Inflation has taken the world by storm over the past two years, leaving consumers and central banks feeling the pinch. But like most other goods and services, inflation can also increase the cost of insurance.
Why are insurance premiums going up? The key takeaways:
- Rising inflation levels has led to growing costs for insurers meaning insurance premiums have gone up.
- All premiums including car insurance and home insurance have been affected.
- The main causes of insurance inflation are supply chain issues, rising labour costs, staff shortages and severe weather events which has influenced claims costs.
- The value of your assets may have increased – we advise you get them valued accurately, if you haven’t already.
The impact of inflation on insurance
In this article, we will delve into the factors that have affected inflation and thus influenced insurance premiums, in addition to how you can protect your assets against inflation.
You’re probably thinking are insurance premiums going up, and you’re right to think that. The key thing to remember is: as inflation rises, so do insurance premiums.
This rise of insurance premiums can be attributed to increasing inflation, which has led to growing costs for insurance companies. With repair costs and claim amounts soaring, the inflation effects on the insurance industry is clear: it means the insurers have no choice but to up their premiums to keep pace.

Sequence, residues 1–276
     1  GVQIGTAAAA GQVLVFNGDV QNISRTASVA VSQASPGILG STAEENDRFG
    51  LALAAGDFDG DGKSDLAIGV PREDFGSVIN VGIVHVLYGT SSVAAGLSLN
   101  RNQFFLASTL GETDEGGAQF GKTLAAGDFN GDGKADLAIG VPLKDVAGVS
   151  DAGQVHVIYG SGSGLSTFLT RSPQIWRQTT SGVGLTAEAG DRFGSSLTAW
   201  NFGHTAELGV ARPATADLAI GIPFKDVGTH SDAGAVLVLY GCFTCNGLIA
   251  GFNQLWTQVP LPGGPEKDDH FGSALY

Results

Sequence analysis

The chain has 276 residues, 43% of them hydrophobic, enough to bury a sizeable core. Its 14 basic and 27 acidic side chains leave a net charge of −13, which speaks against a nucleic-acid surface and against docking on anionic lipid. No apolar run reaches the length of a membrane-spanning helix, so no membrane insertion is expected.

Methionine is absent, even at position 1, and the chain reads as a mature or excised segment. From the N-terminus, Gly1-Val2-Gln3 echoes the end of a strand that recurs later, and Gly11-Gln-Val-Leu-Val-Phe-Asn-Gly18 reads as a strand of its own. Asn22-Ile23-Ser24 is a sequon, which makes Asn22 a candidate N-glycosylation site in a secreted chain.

The Consumer Price Index (CPI) is the official measure of inflation in consumer prices in the UK. In 2022, this jumped to over 10% in 2022 – the highest level in 40 years – and it currently stands at 6.3%, according to the Office for National Statistics as of October 2023. Inflation levels have gone through the roof, there’s no denying that, but it’s promising to see the figure easing with grocery inflation back in single digits for the first time in 16 months.
Home insurance inflation: Why have home insurance premiums gone up?
The UK home insurance market experienced the worst performing year on record in 2022 for insurers, with supply chain difficulties driving up construction and transportation costs for damaged homes. This makes rebuilds much more costly, and the frequency and severity of major weather events only drives up claim costs for insurers, therefore home insurance premiums are affected and go up.